"That's not true. Dad loves me; don't you dare speak ill of my father again," he hissed at her, his eyes narrow and cold. The kind, mild and ineffective person she was used to seeing wasn't there, and it shocked her for a moment, that this hard-eyed man was hiding behind the spineless boy. But no Hofferson would get shoved and let it slide. She punched him in the stomach, hard, and enjoyed watching him go down with a groan.
"I'd only be speaking ill of him if it wasn't the truth. What's there to be proud of, Hiccup Haddock? All you do is make messes for the rest of us to clean up and get sent to your house in disgrace. Which father wouldn't be proud of that!"
Hiccup flinched, glaring at her violently with gritted teeth and straightened himself. His eyes had gone even stonier – it was almost like looking at Stoick himself for a moment – but then he huffed at her and turned his back, leaving the arena stiff-backed without saying a word. Gobber gave her a stern talking-to about teamwork and holding her tongue and being respectful to their chief, but Astrid was too busy looking after Hiccup, and seething.
Hiccup's answer had come in the most unexpected way, and proved he was a worthy opponent by being the soundest blow possible. Slowly, but surely, Hiccup had stopped being the useless toothpick who always got chased around and wasted the training session asking pointless questions, and began overtaking her in skill and dexterity against the dragons. Even worse, when she decided to confront him directly, he was never there; he came to training, left them all far behind and gaping, diverted their talk and questions with mild manners and kind words and then disappeared for good. He seemed to have forgiven Astrid her indiscrete tongue, but she wasn't stupid. She hadn't forgotten the look on his face, so different and so much more determined, and this was too perfect a way to get revenge on her to be a coincidence.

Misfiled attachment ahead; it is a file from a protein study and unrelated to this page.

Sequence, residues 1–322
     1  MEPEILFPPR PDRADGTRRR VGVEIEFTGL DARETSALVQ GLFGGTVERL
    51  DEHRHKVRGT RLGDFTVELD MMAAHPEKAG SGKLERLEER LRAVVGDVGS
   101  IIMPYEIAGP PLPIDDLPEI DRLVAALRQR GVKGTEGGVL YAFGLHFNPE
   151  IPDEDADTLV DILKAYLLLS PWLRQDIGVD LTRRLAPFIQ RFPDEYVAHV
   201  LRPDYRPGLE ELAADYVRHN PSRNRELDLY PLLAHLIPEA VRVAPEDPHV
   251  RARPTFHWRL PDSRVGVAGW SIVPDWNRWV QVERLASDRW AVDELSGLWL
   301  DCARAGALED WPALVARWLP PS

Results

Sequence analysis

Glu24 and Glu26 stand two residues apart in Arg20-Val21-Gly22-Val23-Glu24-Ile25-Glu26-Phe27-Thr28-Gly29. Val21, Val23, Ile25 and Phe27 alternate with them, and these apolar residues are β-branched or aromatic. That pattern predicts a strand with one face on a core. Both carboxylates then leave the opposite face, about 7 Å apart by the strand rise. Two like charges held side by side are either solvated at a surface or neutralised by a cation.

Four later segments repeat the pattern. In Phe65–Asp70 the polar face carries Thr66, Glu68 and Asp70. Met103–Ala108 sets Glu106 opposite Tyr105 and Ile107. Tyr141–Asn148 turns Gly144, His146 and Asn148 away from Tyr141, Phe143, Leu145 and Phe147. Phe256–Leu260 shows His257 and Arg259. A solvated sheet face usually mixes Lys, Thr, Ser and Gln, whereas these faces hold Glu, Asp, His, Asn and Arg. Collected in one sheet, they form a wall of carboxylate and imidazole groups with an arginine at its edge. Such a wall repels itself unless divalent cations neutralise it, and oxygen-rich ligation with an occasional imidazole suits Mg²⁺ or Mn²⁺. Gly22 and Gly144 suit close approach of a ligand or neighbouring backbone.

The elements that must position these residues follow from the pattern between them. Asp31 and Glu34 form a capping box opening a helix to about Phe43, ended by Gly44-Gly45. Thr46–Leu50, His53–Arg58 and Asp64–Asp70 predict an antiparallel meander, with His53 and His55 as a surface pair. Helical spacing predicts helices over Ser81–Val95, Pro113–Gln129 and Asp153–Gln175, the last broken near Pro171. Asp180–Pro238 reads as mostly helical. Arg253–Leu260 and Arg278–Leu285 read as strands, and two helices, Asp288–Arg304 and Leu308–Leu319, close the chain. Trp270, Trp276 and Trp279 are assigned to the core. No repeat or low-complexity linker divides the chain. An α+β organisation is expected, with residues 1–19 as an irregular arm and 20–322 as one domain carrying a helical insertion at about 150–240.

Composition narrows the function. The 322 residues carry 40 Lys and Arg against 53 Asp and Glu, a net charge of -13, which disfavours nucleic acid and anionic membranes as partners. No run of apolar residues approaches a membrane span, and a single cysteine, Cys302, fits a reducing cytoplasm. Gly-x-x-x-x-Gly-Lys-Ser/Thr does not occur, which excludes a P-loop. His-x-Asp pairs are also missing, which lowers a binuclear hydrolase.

Her father made it worse when he returned; he laughed uproariously instead of being outraged alongside her that the honour which seemed almost divinely ordained for her had been snatched away by someone like Hiccup. Stoick's stock had finally come to fruit, he'd laughed; about time too, but he supposed it was Stoick's own fault for keeping the boy from what was obviously his true calling all these years. It wasn't a shame to be beaten by a Haddock, he said, they weren't the leading bloodline and chief clan for nothing after all. It was like losing Thawfest to the Jorgenson clan – annoying, but not surprising.
Beyond the relief to have her father back safely and her first woman's blood gone, Astrid had been outraged at her father's attitude. Hadn't he taught her that every challenge must be met and surmounted, or it would bury you? Hadn't he been the one who drove her to be the best there ever could be, so that she would always have first pick and choice in all the most important things? No, Astrid Hofferson was not done fighting – nor was she done seething.
And it was so that when she saw her opportunity, she sunk her nails in it deep. Coming up into her room, she immediately noted something amiss – sharp eyes caught first a folded piece of parchment on her bed, then an open window she knew to have closed. Rushing to it, she immediately noted the retreating figure of her rival in the sparse moonlight and without a second though, threw herself out the window to follow.